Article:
Was a job applicant with Asperger's Syndrome discriminated against by being required to sit a psychometric test? Yes, held the EAT
In the case of The Government Legal Service v. Brookes, The Government Legal Service (GLS) was recruiting lawyers in what the EAT called "a fiendishly competitive recruitment process". The process included a multiple choice Situational Judgement Test (SJT).
Brookes contacted the GLS and requested adjustments on the ground of her Asperger's Syndrome. She was informed that an alternative test format was not available (although time allowances were). She completed the SJT and failed. She claimed disability discrimination.
The employment tribunal concluded that a 'provision, criterion or practice' (PCP) (being the requirement that all applicants take and pass the SJT test) put a group people such as Brookes at a particular disadvantage compared to those who did not have Asperger's Syndrome. It went on to find that the PCP put Brookes, in particular, at such a disadvantage.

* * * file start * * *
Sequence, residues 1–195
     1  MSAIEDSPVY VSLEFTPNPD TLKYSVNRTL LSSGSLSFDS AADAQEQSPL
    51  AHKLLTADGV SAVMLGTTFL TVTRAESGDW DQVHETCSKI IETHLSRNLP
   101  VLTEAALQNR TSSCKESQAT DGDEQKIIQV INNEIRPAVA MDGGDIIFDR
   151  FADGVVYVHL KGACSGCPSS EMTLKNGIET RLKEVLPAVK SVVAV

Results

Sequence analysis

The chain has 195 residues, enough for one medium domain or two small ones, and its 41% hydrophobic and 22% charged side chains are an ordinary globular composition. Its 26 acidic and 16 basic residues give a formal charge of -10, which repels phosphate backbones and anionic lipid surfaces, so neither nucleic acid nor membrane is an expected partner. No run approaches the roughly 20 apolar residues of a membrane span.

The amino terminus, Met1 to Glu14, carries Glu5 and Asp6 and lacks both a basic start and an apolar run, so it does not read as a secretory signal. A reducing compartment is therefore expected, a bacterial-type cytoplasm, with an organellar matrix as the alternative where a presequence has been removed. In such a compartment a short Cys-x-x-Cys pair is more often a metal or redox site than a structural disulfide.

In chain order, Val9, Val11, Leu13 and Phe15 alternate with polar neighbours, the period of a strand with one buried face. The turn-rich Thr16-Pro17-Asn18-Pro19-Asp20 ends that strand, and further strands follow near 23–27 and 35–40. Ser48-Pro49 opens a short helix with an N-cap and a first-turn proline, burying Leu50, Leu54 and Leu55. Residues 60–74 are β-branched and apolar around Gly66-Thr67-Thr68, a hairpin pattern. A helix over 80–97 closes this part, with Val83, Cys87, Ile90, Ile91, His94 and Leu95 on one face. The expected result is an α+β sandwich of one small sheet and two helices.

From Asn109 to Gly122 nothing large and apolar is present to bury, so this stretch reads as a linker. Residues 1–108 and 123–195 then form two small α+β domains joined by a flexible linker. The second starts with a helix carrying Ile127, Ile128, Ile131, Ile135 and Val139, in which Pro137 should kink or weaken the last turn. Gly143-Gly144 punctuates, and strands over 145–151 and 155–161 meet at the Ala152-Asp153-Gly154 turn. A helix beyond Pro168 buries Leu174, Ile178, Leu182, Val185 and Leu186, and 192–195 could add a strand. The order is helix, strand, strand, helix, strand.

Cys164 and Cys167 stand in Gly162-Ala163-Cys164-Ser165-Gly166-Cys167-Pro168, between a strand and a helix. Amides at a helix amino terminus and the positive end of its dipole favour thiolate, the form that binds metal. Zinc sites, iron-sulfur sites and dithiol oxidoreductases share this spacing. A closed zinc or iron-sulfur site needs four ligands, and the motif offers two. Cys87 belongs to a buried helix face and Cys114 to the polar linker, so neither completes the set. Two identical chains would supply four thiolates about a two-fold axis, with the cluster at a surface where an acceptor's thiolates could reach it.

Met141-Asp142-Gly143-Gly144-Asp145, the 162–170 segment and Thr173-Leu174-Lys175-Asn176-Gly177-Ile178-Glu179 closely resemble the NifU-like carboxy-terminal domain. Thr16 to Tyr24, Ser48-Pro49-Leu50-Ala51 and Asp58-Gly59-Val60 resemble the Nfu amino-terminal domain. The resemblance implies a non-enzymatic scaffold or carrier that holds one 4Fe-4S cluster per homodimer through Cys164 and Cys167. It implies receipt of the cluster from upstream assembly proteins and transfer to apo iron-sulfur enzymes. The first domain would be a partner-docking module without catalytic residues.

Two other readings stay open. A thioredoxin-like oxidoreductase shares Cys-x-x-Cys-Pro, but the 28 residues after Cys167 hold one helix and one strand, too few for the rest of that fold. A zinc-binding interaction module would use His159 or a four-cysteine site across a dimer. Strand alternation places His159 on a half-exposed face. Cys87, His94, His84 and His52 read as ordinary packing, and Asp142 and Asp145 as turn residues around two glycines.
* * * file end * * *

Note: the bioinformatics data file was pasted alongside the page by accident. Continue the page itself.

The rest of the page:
Further, while the PCP served a legitimate aim, the means of achieving that aim were not proportionate to it, and, accordingly, Brookes' claim of indirect discrimination succeeded. The claim for failure to make reasonable adjustments also succeeded on similar reasoning.
The EAT agreed. The employment tribunal was entitled to conclude the PCP placed Brookes at a particular disadvantage because she has Asperger's Syndrome. Additionally, her psychiatrist had made previous recommendations (in relation to her university courses) that a multiple choice format test would not be appropriate for her.
The EAT further held the employment tribunal adopted the correct approach when carrying out a proportionality assessment, but acknowledged that whilst the GLS needed to test the core competency of ability of its candidates to make effective decisions; a psychometric test was not the only way to achieve this.